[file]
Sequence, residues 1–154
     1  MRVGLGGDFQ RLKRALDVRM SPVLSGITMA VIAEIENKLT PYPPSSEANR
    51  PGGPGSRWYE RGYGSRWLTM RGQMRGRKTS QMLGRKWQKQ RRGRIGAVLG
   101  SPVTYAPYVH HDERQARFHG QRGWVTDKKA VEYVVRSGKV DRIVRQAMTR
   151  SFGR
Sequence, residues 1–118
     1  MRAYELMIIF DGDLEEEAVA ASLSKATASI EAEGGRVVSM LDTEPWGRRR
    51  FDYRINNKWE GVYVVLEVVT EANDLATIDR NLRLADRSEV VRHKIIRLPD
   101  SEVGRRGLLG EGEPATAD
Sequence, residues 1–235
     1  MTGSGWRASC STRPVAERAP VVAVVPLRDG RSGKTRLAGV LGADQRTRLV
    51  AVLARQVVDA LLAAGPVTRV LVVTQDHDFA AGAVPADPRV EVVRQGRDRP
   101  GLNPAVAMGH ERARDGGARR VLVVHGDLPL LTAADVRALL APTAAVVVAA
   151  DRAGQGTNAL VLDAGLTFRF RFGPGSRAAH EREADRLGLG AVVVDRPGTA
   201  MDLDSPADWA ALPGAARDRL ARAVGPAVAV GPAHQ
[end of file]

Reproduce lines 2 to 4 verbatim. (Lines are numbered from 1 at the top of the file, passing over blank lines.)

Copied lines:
     1  MRVGLGGDFQ RLKRALDVRM SPVLSGITMA VIAEIENKLT PYPPSSEANR
    51  PGGPGSRWYE RGYGSRWLTM RGQMRGRKTS QMLGRKWQKQ RRGRIGAVLG
   101  SPVTYAPYVH HDERQARFHG QRGWVTDKKA VEYVVRSGKV DRIVRQAMTR